Last spring, it was clear that the legislative race in Minot’s district five was set to go unopposed. Incumbent Louser and candidate Fisher were guaranteed to secure both seats in the district. This didn’t feel right, so I joined the race to bring a very different set of policy positions. I am not satisfied with the direction of our state government. Having lived in North Dakota my whole life, I care deeply about this state. The legislature has a great opportunity to make more investments in our people.
Higher education costs are continuing to climb while we simultaneously face a growing workforce shortage. I will advocate for tuition-free trade school or two years of community college. This kind of investment will allow North Dakotans to pursue an education without tens of thousands of dollars in debt. The six billion dollar and growing Legacy Fund gives us a great chance to try such an investment.
As the workforce shortage grows in many key trades, I also believe it is time to bring a public trade school to Minot. Too often, our young people are told that four-year college is their best chance at a good life. While it is a great route for many, we need to ensure that our young people understand the invaluable contribution of learning a trade. By and large, there is no public trade school to serve the west side of the state. NDSCS in Wahpeton is a great resource for North Dakota. A second trade school out west would become another great resource. We could even explore replacing Trinity Hospital in their buildings downtown. Otherwise, they are set to become another burden on the city of Minot.
[mks_pullquote align=”left” width=”300″ size=”24″ bg_color=”#000000″ txt_color=”#ffffff”]I think it’s clear that Minot has been left behind by the Legislature. The allocation of Hub City funding is one example.[/mks_pullquote]
Healthcare costs are also growing at an alarming rate. The Affordable Care Act is rightfully mired in controversy, but there is also no denying that the law has been severely damaged through Congress. With the passage of the tax bill, the individual mandate was removed, which was the backbone of the ACA. So, while the law may not be repealed fully, premiums will continue to rise dramatically. Given these circumstances, I believe it is time for the legislature to explore some potential solutions.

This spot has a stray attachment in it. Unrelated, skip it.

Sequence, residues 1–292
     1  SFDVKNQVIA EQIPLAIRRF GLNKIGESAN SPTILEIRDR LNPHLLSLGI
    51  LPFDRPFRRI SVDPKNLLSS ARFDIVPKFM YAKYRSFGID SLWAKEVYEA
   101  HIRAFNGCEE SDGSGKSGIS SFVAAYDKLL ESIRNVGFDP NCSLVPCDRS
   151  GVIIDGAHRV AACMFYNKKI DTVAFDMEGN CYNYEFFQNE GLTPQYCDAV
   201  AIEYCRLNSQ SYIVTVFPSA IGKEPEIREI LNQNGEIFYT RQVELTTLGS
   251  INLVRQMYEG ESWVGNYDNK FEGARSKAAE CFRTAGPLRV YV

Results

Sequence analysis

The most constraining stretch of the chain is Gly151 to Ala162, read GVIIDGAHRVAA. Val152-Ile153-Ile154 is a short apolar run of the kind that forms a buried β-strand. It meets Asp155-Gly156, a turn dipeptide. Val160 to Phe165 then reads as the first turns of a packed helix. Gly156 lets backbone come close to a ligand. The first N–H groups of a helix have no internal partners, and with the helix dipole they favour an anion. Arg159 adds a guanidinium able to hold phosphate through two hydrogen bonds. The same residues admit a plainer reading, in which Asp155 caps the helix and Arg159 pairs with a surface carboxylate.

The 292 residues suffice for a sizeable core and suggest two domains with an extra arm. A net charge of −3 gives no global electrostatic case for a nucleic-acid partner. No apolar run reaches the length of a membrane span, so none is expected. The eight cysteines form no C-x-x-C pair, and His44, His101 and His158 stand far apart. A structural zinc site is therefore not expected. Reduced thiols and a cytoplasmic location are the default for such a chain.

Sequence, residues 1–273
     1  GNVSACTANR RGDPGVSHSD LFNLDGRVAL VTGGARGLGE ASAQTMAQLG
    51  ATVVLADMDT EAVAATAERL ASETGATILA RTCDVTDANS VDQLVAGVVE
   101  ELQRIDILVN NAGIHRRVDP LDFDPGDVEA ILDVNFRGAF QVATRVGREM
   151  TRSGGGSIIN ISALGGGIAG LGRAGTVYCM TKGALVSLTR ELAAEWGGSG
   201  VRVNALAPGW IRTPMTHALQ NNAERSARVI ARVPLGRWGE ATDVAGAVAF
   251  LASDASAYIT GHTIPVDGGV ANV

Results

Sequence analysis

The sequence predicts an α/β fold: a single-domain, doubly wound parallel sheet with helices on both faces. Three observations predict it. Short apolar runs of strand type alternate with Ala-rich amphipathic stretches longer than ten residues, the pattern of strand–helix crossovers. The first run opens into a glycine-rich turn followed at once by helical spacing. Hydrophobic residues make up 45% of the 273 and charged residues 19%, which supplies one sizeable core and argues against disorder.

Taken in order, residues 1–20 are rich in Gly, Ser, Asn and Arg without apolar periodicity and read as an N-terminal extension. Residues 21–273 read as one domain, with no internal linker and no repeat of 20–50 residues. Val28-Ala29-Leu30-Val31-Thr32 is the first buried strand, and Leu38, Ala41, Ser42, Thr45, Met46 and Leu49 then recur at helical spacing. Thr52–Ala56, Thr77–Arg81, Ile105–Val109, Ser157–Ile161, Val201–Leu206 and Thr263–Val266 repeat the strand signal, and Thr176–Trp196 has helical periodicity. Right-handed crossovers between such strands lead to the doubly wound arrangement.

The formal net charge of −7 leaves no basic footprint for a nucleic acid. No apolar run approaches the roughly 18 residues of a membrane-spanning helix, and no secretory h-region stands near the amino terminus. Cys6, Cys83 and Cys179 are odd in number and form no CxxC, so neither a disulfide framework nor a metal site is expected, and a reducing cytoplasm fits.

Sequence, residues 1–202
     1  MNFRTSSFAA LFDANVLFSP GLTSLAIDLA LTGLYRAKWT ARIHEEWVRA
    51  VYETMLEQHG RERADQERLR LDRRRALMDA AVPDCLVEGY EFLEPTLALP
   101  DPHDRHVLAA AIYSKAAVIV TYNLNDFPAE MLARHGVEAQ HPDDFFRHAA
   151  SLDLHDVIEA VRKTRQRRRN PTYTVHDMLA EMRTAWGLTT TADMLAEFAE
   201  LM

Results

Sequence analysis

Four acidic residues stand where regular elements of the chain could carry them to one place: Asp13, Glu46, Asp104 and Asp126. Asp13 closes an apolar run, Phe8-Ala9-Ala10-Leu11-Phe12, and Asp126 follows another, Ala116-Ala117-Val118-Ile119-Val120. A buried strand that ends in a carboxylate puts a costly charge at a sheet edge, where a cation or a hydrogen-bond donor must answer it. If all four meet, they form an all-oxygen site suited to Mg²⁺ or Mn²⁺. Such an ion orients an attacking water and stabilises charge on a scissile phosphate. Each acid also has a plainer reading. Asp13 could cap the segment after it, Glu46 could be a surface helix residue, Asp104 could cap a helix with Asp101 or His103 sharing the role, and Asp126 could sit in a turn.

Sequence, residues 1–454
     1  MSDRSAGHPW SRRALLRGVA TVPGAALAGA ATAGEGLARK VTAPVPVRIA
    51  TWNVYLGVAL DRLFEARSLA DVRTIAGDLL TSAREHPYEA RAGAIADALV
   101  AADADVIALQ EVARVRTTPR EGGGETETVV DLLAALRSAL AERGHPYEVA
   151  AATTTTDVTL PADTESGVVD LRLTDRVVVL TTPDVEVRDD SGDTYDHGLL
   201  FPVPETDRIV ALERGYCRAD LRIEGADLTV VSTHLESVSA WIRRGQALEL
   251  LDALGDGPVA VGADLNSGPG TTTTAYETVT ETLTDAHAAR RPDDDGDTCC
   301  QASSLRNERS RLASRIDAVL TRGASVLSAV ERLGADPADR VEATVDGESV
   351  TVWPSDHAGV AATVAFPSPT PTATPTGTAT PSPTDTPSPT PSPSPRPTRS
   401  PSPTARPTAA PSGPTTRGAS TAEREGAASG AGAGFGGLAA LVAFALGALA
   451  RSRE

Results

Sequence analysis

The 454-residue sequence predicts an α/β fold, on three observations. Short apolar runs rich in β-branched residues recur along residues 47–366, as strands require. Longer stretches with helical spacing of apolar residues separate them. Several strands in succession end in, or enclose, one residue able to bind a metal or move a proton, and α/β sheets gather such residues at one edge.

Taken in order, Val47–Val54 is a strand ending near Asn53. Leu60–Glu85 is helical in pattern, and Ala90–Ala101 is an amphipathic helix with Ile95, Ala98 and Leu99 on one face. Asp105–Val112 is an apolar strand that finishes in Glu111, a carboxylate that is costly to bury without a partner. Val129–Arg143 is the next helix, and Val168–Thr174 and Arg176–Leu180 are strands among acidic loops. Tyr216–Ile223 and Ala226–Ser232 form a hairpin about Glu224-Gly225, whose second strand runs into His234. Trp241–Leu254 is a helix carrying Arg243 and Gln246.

One potential solution that I’m bringing to the table is the possibility of a publicly backed health insurance option. In the 1920s, out of state banks and other interests were controlling the fate of banking in North Dakota. So, North Dakotans banded together and formed the Bank of North Dakota. To this day, it remains the only state-run bank in the nation. Similarly, we should explore a public option in healthcare. It would run similarly to most other insurance companies, but its incentive structure would be different. This could bring down prices for North Dakotans and improve healthcare access.
I will also work to be a better representative for Minot. I think it’s clear that Minot has been left behind by the Legislature. The allocation of Hub City funding is one example. From 2009-2016, Minot received nearly one sixth of the funding of Williston despite Minot’s population growing by more. Obviously, Williston received a variety of unique challenges, but current proposals are looking to shift funds out east before addressing the shortfall Minot received. I will work to ensure this is addressed before supporting such a proposal.
Additionally, the state funding formula for the Minot school district was slashed by 75% in lieu of federal funds coming in to educate children on the Airforce base. These funds were clearly designated to supplement state dollars, not replace, yet the formula was cut anyways. This has left Minot taxpayers to foot the bill. As a result, property tax rates have climbed by nearly 20% annually. Minot area legislators have remained virtually silent on the issue. I will look to change that.
I understand that my odds of winning a seat in this race are extremely limited. My campaign has been outraised by over $80,000. Still, I believe these ideas deserve a seat at the table and I am extremely thankful for the opportunity to bring them forward. So, to the voters of district five, if these policy positions resonate with you, I am asking for your vote on November 6th. It’s safe to say that such an improbable victory would send a message to our state government.